incoherent sentences.  As Speaker of the House of Representatives he would have been third in line for the presidency. According to Mark Levin, a conservative talk show host: McCarthy’s credentials are ‘… [former Majority Leader] Eric Cantor with ten less I.Q. points’. McCarthy likes to give ‘red meat’ comments on the Hannity tirade show.


He’s not fond of Obama and tried to derail the Paris climate discussions. He’s very pro-fracking.


There was some speculation as to why McCarthy abruptly withdrew from the race to replace Boehner as Speaker, leading Chaffetz and Issa to magnanimously offer themselves for the job. The common perspective was that McCarthy’s remarks related to the Benghazi Committee questioning of Clinton ‘torpedoed’ his candidacy.


Rep. Dana Rohrabacher (Republican, California District 48) publicly dressed down McCarthy for his Benghazi comments and described how they had harmed his ability to lead and be a forceful Speaker in the 2016 campaign. This and other criticisms are generally credited for his decision to withdraw from the race for Speaker.


In 2010 McCarthy signed the Koch Brothers – sponsored Americans for Prosperity pledge – promising to vote against any climate change legislation that would raise taxes on affected companies.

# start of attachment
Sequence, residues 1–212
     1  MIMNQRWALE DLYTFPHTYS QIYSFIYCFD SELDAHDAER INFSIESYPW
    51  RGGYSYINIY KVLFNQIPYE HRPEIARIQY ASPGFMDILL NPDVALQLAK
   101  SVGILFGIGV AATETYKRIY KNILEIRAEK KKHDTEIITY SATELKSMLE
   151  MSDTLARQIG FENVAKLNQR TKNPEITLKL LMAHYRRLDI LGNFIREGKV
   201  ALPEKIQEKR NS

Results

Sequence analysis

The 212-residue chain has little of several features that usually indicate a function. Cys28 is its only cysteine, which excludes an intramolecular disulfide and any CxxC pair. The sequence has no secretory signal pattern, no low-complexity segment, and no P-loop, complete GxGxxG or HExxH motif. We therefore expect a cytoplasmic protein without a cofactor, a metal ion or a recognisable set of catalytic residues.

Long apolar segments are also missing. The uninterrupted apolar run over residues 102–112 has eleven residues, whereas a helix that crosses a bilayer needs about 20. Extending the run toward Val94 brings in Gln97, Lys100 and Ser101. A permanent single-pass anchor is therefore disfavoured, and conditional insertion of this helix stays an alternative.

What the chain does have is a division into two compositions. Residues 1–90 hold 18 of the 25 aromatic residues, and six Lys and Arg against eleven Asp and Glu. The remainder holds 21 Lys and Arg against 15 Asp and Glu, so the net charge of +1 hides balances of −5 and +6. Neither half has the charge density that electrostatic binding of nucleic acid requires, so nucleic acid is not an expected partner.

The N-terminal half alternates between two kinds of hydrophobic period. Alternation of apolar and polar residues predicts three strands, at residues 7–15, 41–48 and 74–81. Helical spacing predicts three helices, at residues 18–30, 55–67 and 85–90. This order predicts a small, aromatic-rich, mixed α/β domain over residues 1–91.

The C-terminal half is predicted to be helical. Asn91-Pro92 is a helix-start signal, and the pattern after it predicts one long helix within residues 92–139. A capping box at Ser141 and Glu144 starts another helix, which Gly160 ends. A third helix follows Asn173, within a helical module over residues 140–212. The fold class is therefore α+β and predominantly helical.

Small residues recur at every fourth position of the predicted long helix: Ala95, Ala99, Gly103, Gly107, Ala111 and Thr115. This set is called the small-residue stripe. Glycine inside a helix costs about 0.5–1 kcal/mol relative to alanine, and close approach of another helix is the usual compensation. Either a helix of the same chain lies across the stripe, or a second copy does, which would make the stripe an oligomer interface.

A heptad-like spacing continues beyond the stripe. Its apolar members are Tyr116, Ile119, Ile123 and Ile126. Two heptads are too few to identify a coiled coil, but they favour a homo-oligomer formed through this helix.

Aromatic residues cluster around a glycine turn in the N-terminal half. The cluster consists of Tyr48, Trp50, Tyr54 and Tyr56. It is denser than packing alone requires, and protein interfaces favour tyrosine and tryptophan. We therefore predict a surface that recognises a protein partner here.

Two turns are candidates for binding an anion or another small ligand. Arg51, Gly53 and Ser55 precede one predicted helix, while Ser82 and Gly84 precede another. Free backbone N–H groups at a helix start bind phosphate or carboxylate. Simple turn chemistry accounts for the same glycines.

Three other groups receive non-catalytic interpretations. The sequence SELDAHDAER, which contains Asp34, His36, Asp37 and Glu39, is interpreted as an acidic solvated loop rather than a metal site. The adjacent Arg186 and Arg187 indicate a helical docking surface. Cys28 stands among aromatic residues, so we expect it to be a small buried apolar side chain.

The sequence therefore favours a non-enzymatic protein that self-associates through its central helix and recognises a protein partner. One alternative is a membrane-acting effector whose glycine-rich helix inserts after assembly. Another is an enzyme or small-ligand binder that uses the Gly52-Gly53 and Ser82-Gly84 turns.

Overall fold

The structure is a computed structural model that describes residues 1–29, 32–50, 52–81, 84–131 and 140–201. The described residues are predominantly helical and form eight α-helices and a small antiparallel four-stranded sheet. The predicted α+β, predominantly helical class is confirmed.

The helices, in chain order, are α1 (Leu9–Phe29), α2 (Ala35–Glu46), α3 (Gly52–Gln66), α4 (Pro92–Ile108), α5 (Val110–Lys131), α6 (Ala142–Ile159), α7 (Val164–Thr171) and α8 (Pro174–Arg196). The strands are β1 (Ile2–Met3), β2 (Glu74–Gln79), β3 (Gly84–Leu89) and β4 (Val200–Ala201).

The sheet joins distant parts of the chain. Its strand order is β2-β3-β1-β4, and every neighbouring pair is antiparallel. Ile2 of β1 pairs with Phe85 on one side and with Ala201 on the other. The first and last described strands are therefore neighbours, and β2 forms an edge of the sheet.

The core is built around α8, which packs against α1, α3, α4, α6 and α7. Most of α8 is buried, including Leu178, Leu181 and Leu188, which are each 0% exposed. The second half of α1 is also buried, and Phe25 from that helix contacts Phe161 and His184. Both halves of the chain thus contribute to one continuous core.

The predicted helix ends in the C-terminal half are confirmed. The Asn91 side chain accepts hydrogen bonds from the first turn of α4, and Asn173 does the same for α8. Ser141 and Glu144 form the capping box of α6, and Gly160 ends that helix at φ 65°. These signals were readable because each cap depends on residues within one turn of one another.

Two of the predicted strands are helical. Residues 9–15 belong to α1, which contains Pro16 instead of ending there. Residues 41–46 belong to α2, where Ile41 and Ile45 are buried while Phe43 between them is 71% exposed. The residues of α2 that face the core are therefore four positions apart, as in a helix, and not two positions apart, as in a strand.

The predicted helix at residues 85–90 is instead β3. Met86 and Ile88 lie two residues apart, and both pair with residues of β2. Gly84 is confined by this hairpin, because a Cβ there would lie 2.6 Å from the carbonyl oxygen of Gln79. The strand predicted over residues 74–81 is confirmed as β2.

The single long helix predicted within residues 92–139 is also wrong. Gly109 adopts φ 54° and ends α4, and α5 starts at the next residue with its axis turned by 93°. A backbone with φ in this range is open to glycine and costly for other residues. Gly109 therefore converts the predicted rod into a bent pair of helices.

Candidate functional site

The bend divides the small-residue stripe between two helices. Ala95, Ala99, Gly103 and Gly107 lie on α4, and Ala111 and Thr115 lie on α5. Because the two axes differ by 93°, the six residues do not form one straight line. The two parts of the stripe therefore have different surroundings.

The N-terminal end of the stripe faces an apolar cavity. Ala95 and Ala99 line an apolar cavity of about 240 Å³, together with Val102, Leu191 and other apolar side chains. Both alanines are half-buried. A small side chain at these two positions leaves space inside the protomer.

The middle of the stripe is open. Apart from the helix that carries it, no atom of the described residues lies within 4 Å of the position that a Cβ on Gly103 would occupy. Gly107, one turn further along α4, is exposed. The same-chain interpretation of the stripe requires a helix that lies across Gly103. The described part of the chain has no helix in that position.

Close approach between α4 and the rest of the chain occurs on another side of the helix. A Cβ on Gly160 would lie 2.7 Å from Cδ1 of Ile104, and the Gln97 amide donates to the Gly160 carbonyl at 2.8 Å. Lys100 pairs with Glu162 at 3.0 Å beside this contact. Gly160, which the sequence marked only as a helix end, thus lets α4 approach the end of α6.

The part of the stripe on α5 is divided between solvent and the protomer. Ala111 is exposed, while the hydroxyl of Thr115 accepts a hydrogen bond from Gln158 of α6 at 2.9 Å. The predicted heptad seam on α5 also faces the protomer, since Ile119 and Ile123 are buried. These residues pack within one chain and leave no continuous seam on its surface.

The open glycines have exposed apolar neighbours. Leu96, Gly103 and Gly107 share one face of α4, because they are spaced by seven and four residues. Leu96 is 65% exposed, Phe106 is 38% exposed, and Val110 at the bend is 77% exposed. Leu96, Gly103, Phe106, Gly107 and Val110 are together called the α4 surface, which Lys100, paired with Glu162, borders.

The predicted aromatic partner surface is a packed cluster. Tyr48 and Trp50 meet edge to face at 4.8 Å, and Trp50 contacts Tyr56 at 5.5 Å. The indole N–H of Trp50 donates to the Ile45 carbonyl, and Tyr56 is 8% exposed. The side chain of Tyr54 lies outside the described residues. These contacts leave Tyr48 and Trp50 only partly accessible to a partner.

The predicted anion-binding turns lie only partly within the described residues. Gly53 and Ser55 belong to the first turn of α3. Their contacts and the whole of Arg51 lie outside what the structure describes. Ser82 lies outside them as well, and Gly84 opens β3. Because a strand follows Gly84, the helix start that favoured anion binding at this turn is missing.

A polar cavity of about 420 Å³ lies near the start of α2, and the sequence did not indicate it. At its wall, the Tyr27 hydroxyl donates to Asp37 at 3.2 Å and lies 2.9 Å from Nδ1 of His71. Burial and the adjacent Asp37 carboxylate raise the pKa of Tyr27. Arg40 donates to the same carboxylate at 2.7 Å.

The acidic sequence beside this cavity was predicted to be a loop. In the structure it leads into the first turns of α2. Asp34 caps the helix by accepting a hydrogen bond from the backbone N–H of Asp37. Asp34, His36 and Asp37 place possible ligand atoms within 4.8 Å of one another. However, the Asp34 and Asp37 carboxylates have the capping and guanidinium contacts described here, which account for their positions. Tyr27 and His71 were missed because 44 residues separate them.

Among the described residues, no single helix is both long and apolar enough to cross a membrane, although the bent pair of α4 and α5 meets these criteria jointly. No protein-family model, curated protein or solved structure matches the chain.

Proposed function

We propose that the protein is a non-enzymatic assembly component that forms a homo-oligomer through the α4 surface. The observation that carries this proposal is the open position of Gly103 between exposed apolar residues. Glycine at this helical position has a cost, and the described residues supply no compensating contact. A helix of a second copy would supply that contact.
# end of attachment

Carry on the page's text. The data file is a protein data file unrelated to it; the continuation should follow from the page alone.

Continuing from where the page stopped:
McCarthy is pro-life and has received a 100% rating from the National Right to Life Committee. He has voted to ban abortions, to stop perceived taxpayer funding of abortion and has also voted repeatedly to repeal and/or defund the Patient Protection and Affordable Care Act.


As Trump began to acquire states during the state caucuses and primaries, McCarthy said, responding to a question on MSNBC, ‘I think I’ll work with Donald Trump … I think I can work with anyone that comes out to be the nominee’.


“They keep getting dumber and dumber,” Jay said.


“But Lindsay Graham just had a minor revelation,” I countered. “He said it would be better for a Democrat to win the White House than Donald Trump.”


“Cool,” Bill said. “Graham used to be – way back – a moderate. Maybe there is some hope.”



Congress’ ‘soldiers’ – Twelve priority patients:


“That’s good background on the three major leaders of Congress – now time for the ‘soldiers’ – or those who vote on bills,” Bill said.


“Or don’t vote, like the mighty Marco Rubio,” Jay noted. “But he’s covered under Presidential candidate.”


“We’ll also include other needy members of their delegation, in case they are convenient to treat.”


“And if the book about harmless and its actions is published, we can Tweet to each of them: ‘You made the cut. Congratulations’,” I smiled.


harmless selected the additional 12 Congressional ‘soldiers’ on the basis of their far right, anti-environment, and anti-bipartisanship records and statements. We also considered their membership on Congressional committees.